I was too self absorbed to see there was more to the world than just me.

And I relate to this madness, because as a child and into early adulthood, I felt I was above others in intelligence, judgment, and morals. I thought I deserved great things because I was great. I used others as if I was in a game of thrones, without thought of what the ultimate consequence might be, both to those I manipulated and to myself.

Getting out of my bubble through college, work, and moving to a new city showed me both that I wasn’t as talented as I thought I was and that other people were more amazing than I gave them credit for. My faith connected these thoughts and hammered the message home, as I realized that we’re all basically the same—we’re all broken people searching for hope. I didn’t deserve anything more than those around me, and if anything, my pride and lack of humility demonstrated to me that I was less than those I looked down upon. I began to admire people more and myself less, and in doing so, I learned to grow as a person through humility and kindness instead of getting ahead through cunning and arrogance.

These all seem like basic lessons in humanity, ideas that every adult should know, but I was too self absorbed to see there was more to the world than just me. In learning humility and how to love others, I started shedding much of the pride, hypocrisy, and acrimony that filled my spirit. My belief in God showed me that that I’m not as upright or smart as I thought, and it was a lesson that changed my whole life. I’m glad to have learned that early enough so I can spend my life living better, living to serve others and to love the people around me. Perhaps Petyr will learn a similar lesson, though if he does, knowing Mr. Martin, it will probably be too late. For that’s the game of thrones, after all.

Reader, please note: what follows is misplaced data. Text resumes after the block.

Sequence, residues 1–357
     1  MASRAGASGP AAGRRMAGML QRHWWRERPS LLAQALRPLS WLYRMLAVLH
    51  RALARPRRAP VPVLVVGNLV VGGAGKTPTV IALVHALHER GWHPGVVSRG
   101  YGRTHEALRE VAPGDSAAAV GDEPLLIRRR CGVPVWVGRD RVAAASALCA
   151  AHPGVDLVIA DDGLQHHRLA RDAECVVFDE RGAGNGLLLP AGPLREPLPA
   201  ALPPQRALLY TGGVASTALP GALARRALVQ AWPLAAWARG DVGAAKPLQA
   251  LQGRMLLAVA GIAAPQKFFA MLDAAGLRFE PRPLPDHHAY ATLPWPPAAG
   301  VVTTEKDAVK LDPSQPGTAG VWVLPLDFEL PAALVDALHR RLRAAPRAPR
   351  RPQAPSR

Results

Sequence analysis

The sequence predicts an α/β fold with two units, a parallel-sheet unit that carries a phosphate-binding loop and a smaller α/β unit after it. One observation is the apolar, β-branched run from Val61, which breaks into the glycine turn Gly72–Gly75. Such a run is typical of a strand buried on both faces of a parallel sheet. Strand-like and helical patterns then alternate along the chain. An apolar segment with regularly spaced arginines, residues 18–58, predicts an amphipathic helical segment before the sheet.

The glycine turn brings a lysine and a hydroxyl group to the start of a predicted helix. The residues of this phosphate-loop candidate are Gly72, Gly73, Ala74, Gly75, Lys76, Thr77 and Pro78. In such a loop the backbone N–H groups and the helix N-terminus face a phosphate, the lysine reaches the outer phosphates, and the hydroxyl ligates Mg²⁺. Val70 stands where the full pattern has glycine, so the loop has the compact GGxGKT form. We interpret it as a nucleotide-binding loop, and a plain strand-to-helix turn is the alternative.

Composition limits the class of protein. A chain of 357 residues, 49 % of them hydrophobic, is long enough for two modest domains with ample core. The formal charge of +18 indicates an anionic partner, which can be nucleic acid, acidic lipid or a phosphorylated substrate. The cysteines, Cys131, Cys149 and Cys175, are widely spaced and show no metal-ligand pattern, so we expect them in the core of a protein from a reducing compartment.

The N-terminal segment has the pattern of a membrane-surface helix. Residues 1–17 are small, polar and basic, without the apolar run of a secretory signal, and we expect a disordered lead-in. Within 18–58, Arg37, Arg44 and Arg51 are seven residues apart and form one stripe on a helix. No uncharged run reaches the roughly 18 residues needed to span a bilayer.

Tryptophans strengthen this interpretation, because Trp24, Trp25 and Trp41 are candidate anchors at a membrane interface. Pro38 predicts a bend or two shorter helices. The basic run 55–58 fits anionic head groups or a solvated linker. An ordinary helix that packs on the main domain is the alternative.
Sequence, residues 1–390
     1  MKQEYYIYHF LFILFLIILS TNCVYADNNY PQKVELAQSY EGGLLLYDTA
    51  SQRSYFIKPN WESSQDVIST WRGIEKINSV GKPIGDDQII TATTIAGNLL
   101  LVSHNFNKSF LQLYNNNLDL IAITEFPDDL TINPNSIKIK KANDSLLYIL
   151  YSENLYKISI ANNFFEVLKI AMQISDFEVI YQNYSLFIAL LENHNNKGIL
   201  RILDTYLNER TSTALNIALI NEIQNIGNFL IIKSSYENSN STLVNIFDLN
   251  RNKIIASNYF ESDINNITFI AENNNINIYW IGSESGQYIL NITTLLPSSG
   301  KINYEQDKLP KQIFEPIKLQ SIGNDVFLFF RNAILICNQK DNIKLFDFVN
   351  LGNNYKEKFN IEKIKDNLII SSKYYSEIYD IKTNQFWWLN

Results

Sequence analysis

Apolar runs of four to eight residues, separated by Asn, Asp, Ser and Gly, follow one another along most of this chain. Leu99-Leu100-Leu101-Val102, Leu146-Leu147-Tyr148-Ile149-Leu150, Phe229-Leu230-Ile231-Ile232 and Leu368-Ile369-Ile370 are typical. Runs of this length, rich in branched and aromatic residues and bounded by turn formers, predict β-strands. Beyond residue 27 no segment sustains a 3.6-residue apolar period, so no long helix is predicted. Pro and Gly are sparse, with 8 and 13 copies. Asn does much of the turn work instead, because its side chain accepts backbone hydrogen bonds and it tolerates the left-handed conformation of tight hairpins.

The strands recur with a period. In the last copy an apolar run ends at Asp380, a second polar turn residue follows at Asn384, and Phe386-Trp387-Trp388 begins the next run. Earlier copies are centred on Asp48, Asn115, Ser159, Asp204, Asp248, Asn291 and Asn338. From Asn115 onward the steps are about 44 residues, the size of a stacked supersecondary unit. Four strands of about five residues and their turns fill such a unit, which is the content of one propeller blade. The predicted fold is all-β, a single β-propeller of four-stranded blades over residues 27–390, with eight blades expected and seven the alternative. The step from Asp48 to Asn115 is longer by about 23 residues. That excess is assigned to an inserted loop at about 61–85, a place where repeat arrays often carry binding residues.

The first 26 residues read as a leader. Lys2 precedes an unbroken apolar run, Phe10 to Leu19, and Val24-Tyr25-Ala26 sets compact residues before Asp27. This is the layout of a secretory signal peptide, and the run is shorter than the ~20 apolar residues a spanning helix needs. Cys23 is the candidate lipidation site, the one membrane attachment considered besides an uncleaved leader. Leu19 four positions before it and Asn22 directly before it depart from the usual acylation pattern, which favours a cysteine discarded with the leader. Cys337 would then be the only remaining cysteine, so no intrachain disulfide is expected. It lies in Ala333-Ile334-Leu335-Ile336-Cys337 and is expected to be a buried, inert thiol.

Charles Sadnick

Charles Sadnick

Guest Writer at Area of Effect
Converted from the moment he first heard Han Solo reply, “I know,” Charles resisted his nerdy urges until Hayao Miyazaki, Spike Spiegel, and Evangelion Unit-01 forced him to confront the truth of his inner geekery. Baptized into otakudom, Charles masks himself in the not-so-secret identity of TWWK as he blogs endlessly about anime and faith.

He can also be found, however, feeding his other nerd habits, including A Song of Ice and Fire. Charles also remains hopelessly stuck in the 90's, maybe best demonstrated by his unexplainable passion for The Phantom Menace.

A historian and director at a government agency by day, Charles joins in the work of college and digital ministry is his off-time, while growing each day in the round-the-clock charge of being a husband and father.
Charles Sadnick